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China to Slow Pace of Market Reforms : New Regulations Needed to Deal With Changes, Premier Says

Times Staff Writer

China will move forward with a modernization program based on market-oriented reforms and planned improvement of the nation’s economic infrastructure, Premier Li Peng said Monday in a speech to China’s legislature.

In a wide-ranging two-hour address at the opening session of the National People’s Congress, Li briefly reviewed the economic accomplishments of 1988, citing 11.2% growth in gross national product, a 9.3% increase in industrial labor productivity and a 24% jump in foreign trade.

Li’s focus, however, was on policies aimed at cutting inflation and laying the groundwork for more balanced economic expansion. Inflation ran at an official rate of 26% last year, and Li acknowledged that “the actual living standards of a considerable number of urban residents dropped.”

Overly rapid growth of light industrial production and excessive investment in construction projects contributed to inflationary pressures by putting too much strain on the supply of raw and semi-finished materials, energy and transportation, Li said.

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While the country has moved away from the use of planning and administrative orders to control the economy, it has not yet fully developed the laws and regulations necessary to maintain order in a market economy, he added.

To deal with these problems, the government plans to focus its efforts over the next two or more years on slowing the pace of economic growth; directing investment toward agriculture, energy, transportation and raw material supply, and enacting laws capable of regulating a market economy, Li said.

More Austerity Ahead

While China’s leadership recognizes “the importance of price reform in the economic restructuring as a whole,” major price reforms are being postponed for at least two years while the government focuses on solving other problems, he said.

Li also sought to cool expectations of rapid rises in living standards. “Both government and people should be mentally prepared for a few years of austerity,” he said.

In a move intended to decrease opportunities for corruption and encourage enterprises to respond to market forces, the government is pressing forward with changes aimed at increasing the autonomy of state-owned enterprises, he said.

Over the past six months, out of about 24,000 companies that were being directly run by government or Communist Party agencies, about 20,000 have either become autonomous, merged with other companies or shut down, Li said.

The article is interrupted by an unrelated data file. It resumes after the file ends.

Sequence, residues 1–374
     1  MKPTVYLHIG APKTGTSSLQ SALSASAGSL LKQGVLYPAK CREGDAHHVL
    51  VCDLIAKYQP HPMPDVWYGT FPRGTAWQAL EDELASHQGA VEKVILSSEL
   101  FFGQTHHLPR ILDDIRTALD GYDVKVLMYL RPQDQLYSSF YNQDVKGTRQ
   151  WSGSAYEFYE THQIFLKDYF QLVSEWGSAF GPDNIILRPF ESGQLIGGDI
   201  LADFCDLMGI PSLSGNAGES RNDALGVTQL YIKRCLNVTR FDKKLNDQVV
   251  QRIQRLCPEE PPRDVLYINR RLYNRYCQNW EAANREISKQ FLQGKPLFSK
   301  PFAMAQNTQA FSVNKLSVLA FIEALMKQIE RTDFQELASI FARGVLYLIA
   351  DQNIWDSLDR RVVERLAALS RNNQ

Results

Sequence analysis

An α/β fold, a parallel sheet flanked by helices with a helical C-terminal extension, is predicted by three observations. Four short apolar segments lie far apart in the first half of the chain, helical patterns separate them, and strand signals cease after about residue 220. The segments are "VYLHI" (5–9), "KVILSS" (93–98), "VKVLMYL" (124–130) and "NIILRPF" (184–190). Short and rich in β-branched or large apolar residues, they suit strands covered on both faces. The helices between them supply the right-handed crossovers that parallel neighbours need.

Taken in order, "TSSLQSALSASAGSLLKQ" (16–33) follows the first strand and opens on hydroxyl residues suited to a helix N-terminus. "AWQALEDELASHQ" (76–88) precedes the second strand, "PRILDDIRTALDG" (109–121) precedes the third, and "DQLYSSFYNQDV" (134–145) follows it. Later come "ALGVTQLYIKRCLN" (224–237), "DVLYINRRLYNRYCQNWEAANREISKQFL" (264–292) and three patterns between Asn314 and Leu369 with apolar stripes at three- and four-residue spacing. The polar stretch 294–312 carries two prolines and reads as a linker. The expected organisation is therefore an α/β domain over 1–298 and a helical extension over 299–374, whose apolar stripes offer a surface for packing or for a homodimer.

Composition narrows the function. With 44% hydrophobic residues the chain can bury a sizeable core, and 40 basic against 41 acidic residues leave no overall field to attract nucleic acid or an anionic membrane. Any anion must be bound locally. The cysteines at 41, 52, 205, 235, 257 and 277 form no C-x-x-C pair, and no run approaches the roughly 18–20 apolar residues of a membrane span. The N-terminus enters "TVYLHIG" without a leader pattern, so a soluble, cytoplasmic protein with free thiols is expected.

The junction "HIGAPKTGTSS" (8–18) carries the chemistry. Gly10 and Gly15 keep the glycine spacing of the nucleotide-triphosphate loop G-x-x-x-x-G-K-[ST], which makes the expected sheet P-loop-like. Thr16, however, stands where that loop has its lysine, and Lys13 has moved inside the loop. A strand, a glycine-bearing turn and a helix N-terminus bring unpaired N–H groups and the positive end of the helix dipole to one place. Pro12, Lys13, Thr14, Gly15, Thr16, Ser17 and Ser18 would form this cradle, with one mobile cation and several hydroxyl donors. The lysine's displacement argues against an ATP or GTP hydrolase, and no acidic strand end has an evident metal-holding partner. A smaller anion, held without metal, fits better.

Li stressed that state-owned companies must be autonomous “in matters of finance, materials supply and wages” and must not engage in the “illegal resale of goods at exorbitant profit.”

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China has a two-tiered pricing system. Many commodities are available to approved purchasers at low controlled prices but are also sold at much higher prices on free markets. This dual system creates great opportunities for corruption.

In order to trim inflationary deficits, the State Council, China’s Cabinet, has decided to reduce central government expenditures this year in all areas except education, Li said.

People at all levels of government should “highly value” the “long-term strategic importance” of education, Li said. Central government funding of education will rise 15.4% this year, he said.

Wants More Exports

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The government also will promote greater use of scientific and technological expertise for industrial production, Li said.

Li called for continued efforts to promote the development of an export-oriented economy in China’s coastal regions, especially the processing and re-export of imported raw and semi-finished materials. The import of high-grade consumer products should be restricted, he said.

Establishment of 5,896 foreign-funded enterprises was approved last year, setting a record, and China intends to further improve its investment environment, Li said. “We shall encourage foreign businessmen to establish more wholly owned enterprises in China and more joint ventures and cooperative enterprises,” he said.

Li also touched briefly on international relations. He called for continued expansion of Sino-U.S. economic and trade relations, scientific and technical cooperation and friendly contacts in various fields. He also said the improvement under way in Sino-Soviet relations will contribute to world peace and do no harm to the interests of any third country.

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Most top state and party leaders appeared on stage at the Great Hall of the People for Li’s speech, but Deng Xiaoping, 84, China’s paramount leader, did not attend. There was no official explanation for his absence. It was not an event that required his attendance.

The annual session of the congress--a body with little real power whose main function is to discuss and approve decisions made by the State Council and the ruling Communist Party Politburo--is scheduled to last 16 days.


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